Japanese teams did not treat the AFC Champions League that seriously in the early years, in part due to the distances travelled and teams played. However, in the 2008 Champions League, three Japanese sides made the quarter-finals.[11]

However, in recent years, with the inclusion of the A-League in Eastern Asia, introduction to the Club World Cup, and increased marketability in the Asian continent, both the league and the clubs paid more attention to Asian competition. For example, Kawasaki Frontale built up a notable fan base in Hong Kong, owing to their participation in the Asian Champions League during the 2007 season.[12] Continuous effort led to the success of Urawa Red Diamonds in 2007 and Gamba Osaka in 2008. Thanks to excellent league management and competitiveness in Asian competition, the AFC awarded J.League the highest league ranking and a total of four slots starting from the 2009 season. The league took this as an opportunity to sell TV broadcasting rights to foreign countries, especially in Asia.

Also starting from the 2008 season, the Emperor's Cup Winner was allowed to participate in the upcoming Champions League season, rather than waiting a whole year (i.e. 2005 Emperor's Cup winner, Tokyo Verdy, participated in the 2007 ACL season, instead of the 2006 season). In order to fix this one-year lag issue, the 2007 Emperor's Cup winner, Kashima Antlers' turn was waived. Nonetheless, Kashima Antlers ended up participating in the 2009 ACL season by winning the J.League title in the 2008 season.

Modern phase (2009–2016)

Three major changes were seen starting in the 2009 season. First, starting that season, four clubs entered the AFC Champions League. Secondly, the number of relegation slots increased to three. Finally, the AFC Player slot was implemented starting this season. Each club will be allowed to have a total of four foreign players; however, one slot is reserved for a player that derives from an AFC country other than Japan. Also, as a requirement of being a member of the Asian Football Confederation, the J.League Club Licence regulations started in 2012 as one criterion of whether a club was allowed to stay in its division or to be promoted to a higher tier in professional level league. No major changes happened to J.League Division 1 as the number of clubs stayed at 18.

In 2015 the J.League Division 1 was renamed J1 League. Also, the tournament format was changed to a three-stage system. The season was split into first and second stages, followed by a third and final championship stage. The third stage was composed of three to five teams. The top point accumulator in each stage and the top three point accumulators for the overall season qualified. If both of the stage winners finished in the top three teams for the season, then only three teams qualified for the championship stage. These teams then took part in a championship playoff stage to decide the winner of the league trophy.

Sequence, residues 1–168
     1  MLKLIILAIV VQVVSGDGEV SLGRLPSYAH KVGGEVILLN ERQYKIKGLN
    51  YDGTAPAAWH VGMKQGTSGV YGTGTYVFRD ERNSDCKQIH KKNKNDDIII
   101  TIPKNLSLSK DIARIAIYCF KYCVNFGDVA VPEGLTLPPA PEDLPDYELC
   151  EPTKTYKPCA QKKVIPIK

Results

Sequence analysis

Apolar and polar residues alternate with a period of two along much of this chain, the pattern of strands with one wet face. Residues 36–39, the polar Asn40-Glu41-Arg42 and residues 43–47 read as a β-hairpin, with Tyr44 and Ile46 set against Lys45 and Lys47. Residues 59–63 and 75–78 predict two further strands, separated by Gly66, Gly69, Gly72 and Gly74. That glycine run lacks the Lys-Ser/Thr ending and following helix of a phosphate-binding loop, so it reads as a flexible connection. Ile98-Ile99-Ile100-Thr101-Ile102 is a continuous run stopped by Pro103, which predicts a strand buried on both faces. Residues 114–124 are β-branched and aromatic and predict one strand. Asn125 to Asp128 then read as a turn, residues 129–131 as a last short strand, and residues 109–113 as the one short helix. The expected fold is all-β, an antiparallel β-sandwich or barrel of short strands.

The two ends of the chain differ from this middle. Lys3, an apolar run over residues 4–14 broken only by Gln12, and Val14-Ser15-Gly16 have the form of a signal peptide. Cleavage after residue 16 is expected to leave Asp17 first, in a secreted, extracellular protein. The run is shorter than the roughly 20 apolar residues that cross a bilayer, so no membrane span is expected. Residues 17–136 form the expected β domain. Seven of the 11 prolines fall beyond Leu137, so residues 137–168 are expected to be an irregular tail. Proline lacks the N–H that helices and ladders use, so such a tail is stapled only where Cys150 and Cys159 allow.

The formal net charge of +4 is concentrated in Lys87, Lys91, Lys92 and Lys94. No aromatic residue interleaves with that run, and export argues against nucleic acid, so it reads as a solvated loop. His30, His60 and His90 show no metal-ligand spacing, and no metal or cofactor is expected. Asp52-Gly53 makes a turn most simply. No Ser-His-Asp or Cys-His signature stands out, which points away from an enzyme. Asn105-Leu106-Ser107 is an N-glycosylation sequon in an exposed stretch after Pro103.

Future (2017–)

Despite the new multi-stage format being initially reported as locked in for five seasons, due to a negative reaction from hardcore fans, and a failure to appeal to casual fans, towards the end of the 2016 it was abandoned in favour of a return to a single-stage system.[13] From 2017, the team which accumulates the most points will be named champion, with no championship stage taking place at the season's end, and from 2018, the bottom two clubs are relegated and the 16th-placed club enters a playoff with the J2 club that wins a promotion playoff series.[14] If the J2 playoff winner prevails, the club is promoted, with the J1 club being relegated, otherwise the J1 club can retain its position in J1 League with the promotion failure of the J2 club.

In November 2017, Urawa Red Diamonds played the AFC Champions League final against Al Hilal. After a draw in the first leg, Urawa Red Diamonds won the second leg 1-0 and were crowned Asian Champions. In the past 10–15 years, Japanese clubs have risen not only continentally, but also internationally. Clubs Gamba Osaka and Urawa Red Diamonds have been crowned Asian champions and participated in the Club World Cup, always targeting at least the semi-finals. Kashima Antlers were finalists of the 2016 edition and eventually lost to Real Madrid.

Timeline

Year Important events # J clubs # ACL clubs Rele. slots
1989
  • JFA forms a professional league assessment committee.
1990
  • The committee decides the criteria for professional clubs
  • Fifteen to twenty clubs from Japan Soccer League applies for the professional league membership
1992
1993
  • The J.League officially kicks off its first season
10
1994 12
1995
  • Following clubs are promoted from Japan Football League: Cerezo Osaka and Kashiwa Reysol
  • The points system is introduced for the first time: a club receives 3 pts for any win, 1 pt for PK loss, and 0 pts for regulation or extra time loss.